Filed under: the sweet life | Tags: health, heart, life, life expectancy, Malcolm Gladwell, Outliers, society
In the 1950s, two researchers named Bruhn and Wolf went to the village of Roseto in eastern Pennsylvania near the New York border, to attempt to find out why the townspeople there were outliving – by a wide margin – people everywhere else in the country. Their assumption going in had been that there were physical reasons for the longevity, like diet and health. What they found was evidence that the reason for exceptional health was social.
Rosetto PA was settled in the 1880s by stone workers from the Italian town Rosetto Valfortore. The settlers brought the name of their southern mountain town with them and apparently they brought a lot more than just the name. When Bruhn and Wolf visited the town they found a very tightly knit, socially cohesive community. They were publicly and privately social, they lived in extended families, they worshipped together, they formed multiple social organizations, and the classes mixed and were mutually supportive. The researchers determined all this social cohesion contributed to the exceptional health of the townspeople.
In the context of the 1950s these levels of goodwill makes sense. Americans were putting the war behind them and building their families and communities. Sixty years on and there are other factors at work which lead to less cohesive and supportive lifestyles; and, if this research is correct less healthy lives.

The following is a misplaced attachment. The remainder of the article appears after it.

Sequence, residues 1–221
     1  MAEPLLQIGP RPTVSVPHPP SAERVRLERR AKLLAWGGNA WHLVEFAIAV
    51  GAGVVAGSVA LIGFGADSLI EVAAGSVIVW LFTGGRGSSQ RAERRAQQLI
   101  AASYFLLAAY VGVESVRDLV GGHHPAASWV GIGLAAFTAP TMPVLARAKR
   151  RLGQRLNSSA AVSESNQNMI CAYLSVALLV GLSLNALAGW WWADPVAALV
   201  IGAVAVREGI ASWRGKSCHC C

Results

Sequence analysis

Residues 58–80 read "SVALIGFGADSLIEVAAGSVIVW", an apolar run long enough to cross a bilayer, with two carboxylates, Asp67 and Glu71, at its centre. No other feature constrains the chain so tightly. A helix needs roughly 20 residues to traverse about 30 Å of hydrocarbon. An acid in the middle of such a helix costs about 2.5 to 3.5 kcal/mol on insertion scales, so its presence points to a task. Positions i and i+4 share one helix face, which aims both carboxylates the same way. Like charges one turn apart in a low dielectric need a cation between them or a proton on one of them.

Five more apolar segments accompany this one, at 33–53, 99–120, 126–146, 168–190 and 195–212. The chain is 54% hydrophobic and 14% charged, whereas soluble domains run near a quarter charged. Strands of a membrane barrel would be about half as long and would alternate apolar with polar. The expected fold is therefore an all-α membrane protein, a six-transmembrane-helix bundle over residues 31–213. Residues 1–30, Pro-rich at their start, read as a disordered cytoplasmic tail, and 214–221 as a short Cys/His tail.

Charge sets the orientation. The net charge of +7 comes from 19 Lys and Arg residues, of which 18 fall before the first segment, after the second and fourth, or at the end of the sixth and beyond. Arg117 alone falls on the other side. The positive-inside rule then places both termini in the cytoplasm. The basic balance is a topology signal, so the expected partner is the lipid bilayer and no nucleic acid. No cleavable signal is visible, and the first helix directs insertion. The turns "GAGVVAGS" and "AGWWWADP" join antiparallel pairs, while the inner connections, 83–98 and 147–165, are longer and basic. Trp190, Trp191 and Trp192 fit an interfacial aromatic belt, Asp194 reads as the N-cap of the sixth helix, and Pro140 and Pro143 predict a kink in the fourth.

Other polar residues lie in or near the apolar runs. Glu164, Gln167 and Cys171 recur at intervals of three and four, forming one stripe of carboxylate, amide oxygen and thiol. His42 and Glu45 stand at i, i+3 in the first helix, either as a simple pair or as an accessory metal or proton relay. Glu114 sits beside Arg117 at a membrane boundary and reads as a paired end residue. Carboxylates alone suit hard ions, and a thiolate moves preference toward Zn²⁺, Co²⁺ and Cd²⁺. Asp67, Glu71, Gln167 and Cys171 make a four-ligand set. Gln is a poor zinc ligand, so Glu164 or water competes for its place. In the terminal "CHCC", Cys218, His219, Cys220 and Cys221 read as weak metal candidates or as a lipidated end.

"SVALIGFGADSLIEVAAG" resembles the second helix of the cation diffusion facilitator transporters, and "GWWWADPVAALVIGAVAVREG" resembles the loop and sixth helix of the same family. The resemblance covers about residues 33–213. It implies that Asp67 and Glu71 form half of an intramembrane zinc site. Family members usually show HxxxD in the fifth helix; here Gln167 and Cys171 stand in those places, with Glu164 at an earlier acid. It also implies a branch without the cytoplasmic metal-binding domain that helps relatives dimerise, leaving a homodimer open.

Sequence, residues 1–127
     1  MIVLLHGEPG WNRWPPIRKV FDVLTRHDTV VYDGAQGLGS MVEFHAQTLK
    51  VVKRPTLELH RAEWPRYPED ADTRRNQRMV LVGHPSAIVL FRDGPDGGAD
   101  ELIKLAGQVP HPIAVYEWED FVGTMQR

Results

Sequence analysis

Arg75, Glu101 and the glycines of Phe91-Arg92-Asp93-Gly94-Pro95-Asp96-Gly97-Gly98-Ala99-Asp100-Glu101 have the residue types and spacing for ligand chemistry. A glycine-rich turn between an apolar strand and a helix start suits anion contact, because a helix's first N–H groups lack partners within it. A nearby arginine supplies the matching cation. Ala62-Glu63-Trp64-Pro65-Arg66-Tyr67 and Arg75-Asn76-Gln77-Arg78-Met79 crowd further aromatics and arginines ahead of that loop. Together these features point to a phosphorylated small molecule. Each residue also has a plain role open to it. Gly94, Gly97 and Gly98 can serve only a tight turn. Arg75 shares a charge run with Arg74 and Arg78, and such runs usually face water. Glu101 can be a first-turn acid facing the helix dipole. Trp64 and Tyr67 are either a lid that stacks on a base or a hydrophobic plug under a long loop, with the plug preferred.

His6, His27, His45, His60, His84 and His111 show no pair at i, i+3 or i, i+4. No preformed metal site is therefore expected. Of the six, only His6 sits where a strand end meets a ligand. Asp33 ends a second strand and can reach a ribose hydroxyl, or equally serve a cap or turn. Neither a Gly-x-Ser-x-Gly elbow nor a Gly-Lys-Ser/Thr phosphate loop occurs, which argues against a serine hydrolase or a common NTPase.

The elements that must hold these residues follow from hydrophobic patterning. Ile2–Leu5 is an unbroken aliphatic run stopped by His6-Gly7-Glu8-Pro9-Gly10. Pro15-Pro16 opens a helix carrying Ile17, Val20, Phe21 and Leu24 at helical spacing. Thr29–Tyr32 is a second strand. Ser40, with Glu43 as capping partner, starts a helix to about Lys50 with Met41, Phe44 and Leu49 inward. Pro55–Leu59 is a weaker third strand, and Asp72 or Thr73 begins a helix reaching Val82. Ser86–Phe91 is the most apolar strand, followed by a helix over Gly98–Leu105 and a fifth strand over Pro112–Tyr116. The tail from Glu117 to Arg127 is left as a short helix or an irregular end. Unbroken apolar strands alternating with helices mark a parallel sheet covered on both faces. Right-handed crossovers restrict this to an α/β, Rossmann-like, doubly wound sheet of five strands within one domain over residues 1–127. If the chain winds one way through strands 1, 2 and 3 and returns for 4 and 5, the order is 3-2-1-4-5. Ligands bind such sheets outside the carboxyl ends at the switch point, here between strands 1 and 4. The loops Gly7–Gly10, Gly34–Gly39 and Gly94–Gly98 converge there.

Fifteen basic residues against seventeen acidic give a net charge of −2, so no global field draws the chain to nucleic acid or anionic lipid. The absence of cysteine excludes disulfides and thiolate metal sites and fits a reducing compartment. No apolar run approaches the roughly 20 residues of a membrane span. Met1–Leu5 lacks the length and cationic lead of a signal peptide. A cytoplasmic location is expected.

From Outliers by Malcolm Gladwell:
“In Roseto, virtually no one under fifty-five had died of a heart attack or showed any signs of heart disease. For men over sixty-five, the death rate from heart disease in Roseto was roughly half that of the United States as a whole. The death rate from all causes in Roseto, in fact, was 30 to 35 percent lower than expected.” (P7)
“There was no suicide, no alcoholism, no drug addiction, and very little crime. They didn’t even have anyone on welfare. Then we looked at peptic ulcers. They didn’t have any of those either. These people were dying of old age. That’s it.”
“As Bruhn and Wolf walked around the town, they figured out why. They looked at how the Rosetans visited one another, stopping to chat in Italian on the street, say, or cooking for one another in their backyards. They learned about the extended family clans that underlay the town’s social structure. They saw how many homes had three generations living under one roof, and how much respect grandparents commanded. They went to mass at Our Lady of Mount Carmel and saw the unifying and calming effect of the church. They counted twenty-two separate civic organizations in a town of just under two thousand people. They picked up on the particular egalitarian ethos of the community, which discouraged the wealthy from flaunting their success and helped the unsuccessful obscure their failures.”
Outliers, Malcolm Gladwell
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